ARSC T3D Users' Newsletter 28, March 24, 1995

A Summary of T3D Information from the Denver CUG

The North American Cray User's Group Meeting was held March 13th to 17th in Denver and was sponsored by the National Center for Atmospheric Research (NCAR). In conjunction with this CUG, the CRI PATP (Parallel Applications Technology Program) put on a conference that was run in parallel with the CUG sessions. This "conference in a conference" was called the SPAD (Scalable Parallel Applications Developers) conference and was a forum for CRI and members of the PATP to present their results on the T3D.

Together with the regular sessions of the CUG and SPAD conference there were 27 hours of presentations about the T3D in the four and a half day CUG conference. I counted at least 6 hours in which there were two or more T3D sessions going on at the same time and one 1 hour session was overlapped with 4 half hour sessions. There was a lot of information presented. The T3D related talks that were part of CUG will eventually appear in the CUG proceedings. Unfortunately there are no current plans to publish the SPAD results, you just had to be there. The SPAD results might someday be available on the CRI web server but prior to the conference there weren't any plans to capture this information.

Below is the list of all T3D activities at CUG or SPAD with the notes I have from the ones I attended:


8:00 - 10:00
Single PE Optimization. Jeff Brooks, CRI
Jeff did a real good job illustrating the T3D processor with small snippets of Fortran. He correlated hardware performance with the measured performance of a Fortran code. Jeff also will be making the optimized routines and utilities of benchlib available and I have contacted him about distributing it. Jeff also gave a few details about the T3E processor:
  1. 250 MHz
  2. 500 MFLOPs
  3. 8KB I and D cache, 98 KB secondary cache
  4. I and D cache are 3-way set associative
  5. No Y-MP front end
A lot of what he covered is in the postscript paper that I distributed in Newsletter #18. I have an extended version of that paper that I can supply upon request.
10:30 - 12:00
MPP Performance Tool. Carol Beatty, CRI
This was a talk about Totalview and Apprentice. It was a good overall talk and gave the status of the current versions. From the talk:
  1. Totalview line mode version in 4th quarter 1995
  2. Totalview with your own signals causes problems
  3. Totalview requires entry/exit macro for CAM routines
  4. Apprentice can be controlled by instrumenting your own calls (see man page apprif)
  5. Apprentice doesn't count what goes in a library like libm.a
  6. Both Totalview and Apprentice don't work well with CRI's C++ because that C++ is based on cfront that converts a C++ job into a C program with new variable names.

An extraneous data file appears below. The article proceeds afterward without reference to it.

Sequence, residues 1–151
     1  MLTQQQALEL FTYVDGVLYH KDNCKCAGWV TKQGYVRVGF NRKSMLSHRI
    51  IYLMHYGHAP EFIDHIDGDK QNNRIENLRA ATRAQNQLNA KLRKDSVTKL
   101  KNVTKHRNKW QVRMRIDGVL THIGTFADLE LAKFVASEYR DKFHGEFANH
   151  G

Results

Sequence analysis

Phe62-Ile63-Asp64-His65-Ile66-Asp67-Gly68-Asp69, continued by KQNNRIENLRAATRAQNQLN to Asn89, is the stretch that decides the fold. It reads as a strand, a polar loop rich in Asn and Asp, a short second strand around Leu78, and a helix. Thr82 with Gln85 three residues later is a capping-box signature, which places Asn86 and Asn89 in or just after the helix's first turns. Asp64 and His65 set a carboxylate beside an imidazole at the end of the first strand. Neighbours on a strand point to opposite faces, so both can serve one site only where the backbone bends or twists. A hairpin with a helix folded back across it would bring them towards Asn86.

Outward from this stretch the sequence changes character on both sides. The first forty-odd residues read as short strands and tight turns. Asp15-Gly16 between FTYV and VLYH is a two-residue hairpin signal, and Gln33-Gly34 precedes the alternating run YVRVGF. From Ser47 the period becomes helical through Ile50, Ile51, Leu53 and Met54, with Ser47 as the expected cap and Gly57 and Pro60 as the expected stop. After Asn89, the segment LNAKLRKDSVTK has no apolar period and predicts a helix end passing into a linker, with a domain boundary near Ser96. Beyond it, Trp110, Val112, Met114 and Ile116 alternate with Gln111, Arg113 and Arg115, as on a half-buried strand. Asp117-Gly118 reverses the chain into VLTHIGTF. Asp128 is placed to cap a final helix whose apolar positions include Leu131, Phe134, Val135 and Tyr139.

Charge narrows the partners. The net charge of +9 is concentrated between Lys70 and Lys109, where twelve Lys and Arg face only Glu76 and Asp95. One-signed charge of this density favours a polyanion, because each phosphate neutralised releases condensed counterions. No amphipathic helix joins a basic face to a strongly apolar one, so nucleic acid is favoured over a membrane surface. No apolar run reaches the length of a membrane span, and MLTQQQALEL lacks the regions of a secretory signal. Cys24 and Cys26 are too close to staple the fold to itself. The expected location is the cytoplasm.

I have a copy of Carol's slides.
5:00 - 6:30
Cray T3D Sparse & Dense Matrix Solvers. Guangye Li and Majed Sidani, CRI
Guangye described CRI's ambitious plans for callable sparse iterative solvers. Basically a user will be supplied with tools and a library that they use to access optimized solvers. There was no date given on availability. I have a copy of Guangye's slides.
Majed described the distributed dense solvers based on SCALAPACK, parallel blas (PBlas) and the communication blas (Blacs) out of Oak Ridge National Labs. The PBlas and Blacs are in the current 1.2 PE but there is an inconsistency with the newest version of SCALAPACK 2.0 released from ORNL in the past month and the calling sequence of T3D Blacs. I will try to sort this situation out in a future newsletter. There is a man page on Blacs on denali.


8:30 - 9:30
Parallel Applications Status. Sara Graffunder, CRI
The Application Department of Cray has become a Division putting it on a equal footing with Development and Sales & Marketing. This reflects CRI's commitment to getting applications up and running on the T3D. Someone at the conference paraphrased the currently MPP marketing strategy as: "It's the applications, stupid!" (As in "It's the economy stupid!" from the last election.) The vehicle for these applications is the PATP which is a three year program now consisting of 100 to 200 researchers and scientists worldwide. The four early T3D sites that belong to the PATP group are:
  1. Pittsburgh Supercomputing Center
  2. Jet Propulsion Laboratory
  3. Lawrence Livemore National Laboratories
  4. Swiss Federal Institute of Technology
PVM is the language of most of these conversions because although it may be the "assembly language of message passing", it is the only common language between all the targeted platforms. Here is the list of programs/packages/libraries that Sara presented as fast as I could copy:

  Currently available on the T3D:

  Structures:       LS-DYNA3D
  CFD:              FLO67
  Electronics:      FAIM,SEED,FDTD
  Environmental:    IFS,PCCM,POP
  Petroleum:        3DGEO
  Math:             Elegant,NAG (1PE)